Imagine us last summer, our program staff of six – the Hexapod – spread out across the city in different board rooms and different office buildings, sitting across a conference table or a desk making the same ask to twenty different partners:
“We think this idea is the game-changer. Are you in?”
What we were talking about, of course, was Ed’s Executive Internship Program (EIP), a pie-in-the-sky idea four years in the making, a seed planted on our first site visit to UAB Hospital, the answer to the questions we’d been asking ourselves since 2012: “How are we making a difference in the lives of our kids in Birmingham City Schools?”
The answer, it has become perfectly clear, is the EIP: a competitive, paid 120-hour internship at some of the most well-respected, diverse, and successful companies in Birmingham. Partners at giants like UAB Hospital, CTS, Daxko, and Brasfield & Gorrie; non-profits like Teach for America, the Birmingham Civil Rights Institute, and the Southern Museum of Flight have come together to offer thirty-five of these coveted staff-mentored, on-the-job-learning, positions in their offices.
On a Wednesday at Daxko, Carver High School senior Mayco Heredia is not at his desk.
“Alright. Let’s see if we can find him,” says Janna Bradt, talent marketing manager at Daxko and our EIP point-of-contact.
We file past rows of colorful wall dividers and tech folks at standing-desks and rooms named after famous people. Not here, not there, not here. We round a corner and almost miss him: Mayco, tech guy, with his nose in a line of code.
“What have you learned so far?” I ask.
“Everything,” he says. “Everything there is to know, I feel like I know it now.”
Bernard Ball is the kind of kid that has always stood out in a crowd, but not because he is loud. Since we first met him in the 10th-grade we’ve notice these things about Bernard: he is quiet, he is listening, he is asking good questions. He is, more than anything, paying attention.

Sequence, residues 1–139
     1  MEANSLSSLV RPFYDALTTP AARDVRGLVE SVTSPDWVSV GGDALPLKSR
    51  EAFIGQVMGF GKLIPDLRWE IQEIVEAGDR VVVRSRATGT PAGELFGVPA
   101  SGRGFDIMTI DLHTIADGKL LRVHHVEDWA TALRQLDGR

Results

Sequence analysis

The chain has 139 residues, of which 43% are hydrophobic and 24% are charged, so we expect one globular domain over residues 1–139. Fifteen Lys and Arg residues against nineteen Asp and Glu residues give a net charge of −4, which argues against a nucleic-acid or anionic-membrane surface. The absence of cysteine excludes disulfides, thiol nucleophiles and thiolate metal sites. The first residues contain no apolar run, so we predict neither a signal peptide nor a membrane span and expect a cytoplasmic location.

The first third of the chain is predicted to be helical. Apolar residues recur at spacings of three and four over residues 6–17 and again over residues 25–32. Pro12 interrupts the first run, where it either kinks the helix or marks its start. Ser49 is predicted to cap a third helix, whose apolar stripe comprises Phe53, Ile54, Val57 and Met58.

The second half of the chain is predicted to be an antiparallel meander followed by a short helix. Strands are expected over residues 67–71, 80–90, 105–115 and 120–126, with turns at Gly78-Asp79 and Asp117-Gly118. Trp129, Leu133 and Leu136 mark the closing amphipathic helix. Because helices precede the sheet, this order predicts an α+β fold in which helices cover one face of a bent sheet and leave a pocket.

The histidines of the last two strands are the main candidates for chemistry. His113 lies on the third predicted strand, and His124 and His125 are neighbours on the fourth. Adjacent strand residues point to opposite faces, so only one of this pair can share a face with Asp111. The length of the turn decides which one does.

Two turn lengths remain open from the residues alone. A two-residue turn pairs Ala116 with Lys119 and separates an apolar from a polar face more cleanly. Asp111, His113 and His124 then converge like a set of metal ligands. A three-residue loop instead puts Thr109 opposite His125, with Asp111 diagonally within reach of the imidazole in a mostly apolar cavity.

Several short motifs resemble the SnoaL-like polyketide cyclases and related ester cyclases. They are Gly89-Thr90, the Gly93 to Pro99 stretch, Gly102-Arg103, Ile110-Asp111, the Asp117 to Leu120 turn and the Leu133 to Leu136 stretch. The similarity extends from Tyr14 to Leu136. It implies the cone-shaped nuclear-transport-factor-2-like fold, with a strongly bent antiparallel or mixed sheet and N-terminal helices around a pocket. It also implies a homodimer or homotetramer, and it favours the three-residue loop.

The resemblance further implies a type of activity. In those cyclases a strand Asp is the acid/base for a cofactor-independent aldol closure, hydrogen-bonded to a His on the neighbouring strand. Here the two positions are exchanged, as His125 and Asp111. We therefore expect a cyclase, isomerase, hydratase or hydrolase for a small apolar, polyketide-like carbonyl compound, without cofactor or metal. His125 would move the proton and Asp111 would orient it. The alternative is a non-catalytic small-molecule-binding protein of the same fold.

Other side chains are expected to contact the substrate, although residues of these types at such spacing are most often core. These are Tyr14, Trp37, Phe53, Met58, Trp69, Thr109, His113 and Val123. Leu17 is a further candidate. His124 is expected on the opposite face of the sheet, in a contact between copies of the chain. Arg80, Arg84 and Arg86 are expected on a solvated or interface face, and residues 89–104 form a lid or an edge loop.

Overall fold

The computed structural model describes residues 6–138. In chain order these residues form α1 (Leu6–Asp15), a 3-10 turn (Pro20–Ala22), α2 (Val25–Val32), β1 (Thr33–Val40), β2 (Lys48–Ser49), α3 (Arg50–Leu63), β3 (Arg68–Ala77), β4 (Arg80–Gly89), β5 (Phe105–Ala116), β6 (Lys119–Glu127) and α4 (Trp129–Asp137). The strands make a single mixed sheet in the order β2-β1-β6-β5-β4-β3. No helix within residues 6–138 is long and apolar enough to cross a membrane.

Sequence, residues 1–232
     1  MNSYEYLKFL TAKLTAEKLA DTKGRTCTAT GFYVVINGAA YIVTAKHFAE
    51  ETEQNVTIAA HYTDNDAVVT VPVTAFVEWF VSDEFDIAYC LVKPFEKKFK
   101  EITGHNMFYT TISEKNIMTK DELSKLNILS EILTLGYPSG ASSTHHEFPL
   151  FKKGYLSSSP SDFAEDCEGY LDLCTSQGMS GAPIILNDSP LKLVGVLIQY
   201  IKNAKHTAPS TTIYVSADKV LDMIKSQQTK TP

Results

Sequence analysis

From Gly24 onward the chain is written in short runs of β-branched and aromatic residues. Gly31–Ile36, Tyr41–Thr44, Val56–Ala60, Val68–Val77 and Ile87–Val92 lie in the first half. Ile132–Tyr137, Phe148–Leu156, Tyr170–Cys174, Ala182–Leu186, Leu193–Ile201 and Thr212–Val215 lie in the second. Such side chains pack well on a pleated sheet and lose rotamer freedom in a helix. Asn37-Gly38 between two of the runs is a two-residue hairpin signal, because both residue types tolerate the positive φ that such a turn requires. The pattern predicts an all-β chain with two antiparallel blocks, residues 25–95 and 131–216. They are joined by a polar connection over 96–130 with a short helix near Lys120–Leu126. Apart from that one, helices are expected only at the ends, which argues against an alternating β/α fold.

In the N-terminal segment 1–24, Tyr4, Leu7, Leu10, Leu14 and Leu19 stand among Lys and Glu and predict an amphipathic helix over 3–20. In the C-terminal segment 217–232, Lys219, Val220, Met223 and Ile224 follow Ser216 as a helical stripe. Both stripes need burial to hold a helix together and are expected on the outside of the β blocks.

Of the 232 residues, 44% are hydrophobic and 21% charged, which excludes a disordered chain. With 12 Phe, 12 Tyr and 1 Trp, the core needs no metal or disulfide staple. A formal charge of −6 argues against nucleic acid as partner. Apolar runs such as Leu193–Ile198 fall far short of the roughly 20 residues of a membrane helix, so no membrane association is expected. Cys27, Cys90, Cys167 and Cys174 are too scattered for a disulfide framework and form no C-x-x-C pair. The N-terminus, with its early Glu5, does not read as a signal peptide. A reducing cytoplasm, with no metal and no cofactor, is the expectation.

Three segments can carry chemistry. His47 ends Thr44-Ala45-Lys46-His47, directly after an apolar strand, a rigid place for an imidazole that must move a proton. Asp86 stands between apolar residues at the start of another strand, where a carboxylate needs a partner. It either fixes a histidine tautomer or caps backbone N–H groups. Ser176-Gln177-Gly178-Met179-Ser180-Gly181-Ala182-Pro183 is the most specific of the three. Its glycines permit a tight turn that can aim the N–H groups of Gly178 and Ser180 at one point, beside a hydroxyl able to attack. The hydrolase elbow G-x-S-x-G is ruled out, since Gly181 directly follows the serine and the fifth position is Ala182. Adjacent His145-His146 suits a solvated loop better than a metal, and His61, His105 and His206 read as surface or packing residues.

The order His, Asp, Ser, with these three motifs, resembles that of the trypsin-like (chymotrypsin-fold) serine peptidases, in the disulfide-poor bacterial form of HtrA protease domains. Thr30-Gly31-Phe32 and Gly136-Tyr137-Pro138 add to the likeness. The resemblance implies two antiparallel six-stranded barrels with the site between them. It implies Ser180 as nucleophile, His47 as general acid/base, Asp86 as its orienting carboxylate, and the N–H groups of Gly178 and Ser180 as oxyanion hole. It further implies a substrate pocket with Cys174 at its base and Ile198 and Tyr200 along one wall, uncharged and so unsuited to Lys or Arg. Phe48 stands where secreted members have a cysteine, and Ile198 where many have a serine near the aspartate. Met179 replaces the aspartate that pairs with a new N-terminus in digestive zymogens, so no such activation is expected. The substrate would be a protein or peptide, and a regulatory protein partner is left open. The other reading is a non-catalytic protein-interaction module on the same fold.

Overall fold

“I had a feeling this internship would be a great experience,” he says. “I felt like it would be a good career move.”
Was he right?
In a word? Yes. At Macknally Land Design, Bernard is “mastering photoshop and autocad,”he’s learning about plant species and shrubs, and “the level of detail that goes into [designing] 400 square feet.” Not to mention, he has the benefit of working alongside two people who are particularly well-suited to help Bernard navigate his next steps.
“Mr. and Mrs. Macknally are graduates of Mississippi State, [which is] pretty much my dream school. They are supporting my efforts to join the civil engineering program there. They don’t just want to hear about my dreams, they want to help me achieve them.”
“They’re on a conference call right now,” Allison Stephens at CTS tells me as we walk through the halls to the back of the Hoover office park building. “They should be done soon.”
And she is. Alma Hernandez is watching numbers and letters run across a screen, taking notes, while the team troubleshoots with a client. She smiles sheepishly while I take pictures. She takes her headset off a minute. She brushes her hair out of her face.
“I didn’t know you were coming today!” She laughs. “It’s nice to see you.”
This is the dream, y’all. You want to know what we live for at Ed? It’s this. The chance to walk into these buildings and find our kids behind these desks. The ones we have worked with for years, the ones we have come to know and to love. Some days the work is hard, some days it is exhausting, but watching our students become a part of the fabric of Birmingham, our partners folding them into their communities and daily work, feels like exactly the thing we’ve been searching for all these years.